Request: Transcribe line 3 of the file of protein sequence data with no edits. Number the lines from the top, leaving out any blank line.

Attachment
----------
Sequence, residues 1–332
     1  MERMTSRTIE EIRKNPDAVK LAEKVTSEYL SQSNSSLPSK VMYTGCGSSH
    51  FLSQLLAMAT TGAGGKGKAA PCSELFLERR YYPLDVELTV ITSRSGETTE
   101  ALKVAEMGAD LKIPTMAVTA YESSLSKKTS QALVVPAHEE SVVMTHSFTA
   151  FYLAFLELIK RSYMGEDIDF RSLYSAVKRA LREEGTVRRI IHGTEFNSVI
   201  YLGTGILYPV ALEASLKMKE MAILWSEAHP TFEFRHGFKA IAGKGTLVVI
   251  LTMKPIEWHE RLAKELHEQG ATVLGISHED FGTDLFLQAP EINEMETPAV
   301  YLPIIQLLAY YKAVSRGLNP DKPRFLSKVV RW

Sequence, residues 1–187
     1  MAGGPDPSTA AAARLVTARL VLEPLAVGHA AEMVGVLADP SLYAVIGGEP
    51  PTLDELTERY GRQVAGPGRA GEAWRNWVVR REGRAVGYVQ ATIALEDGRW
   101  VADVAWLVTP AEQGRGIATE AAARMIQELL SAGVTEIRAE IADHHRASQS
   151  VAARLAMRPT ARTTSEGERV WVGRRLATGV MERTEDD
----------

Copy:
    51  FLSQLLAMAT TGAGGKGKAA PCSELFLERR YYPLDVELTV ITSRSGETTE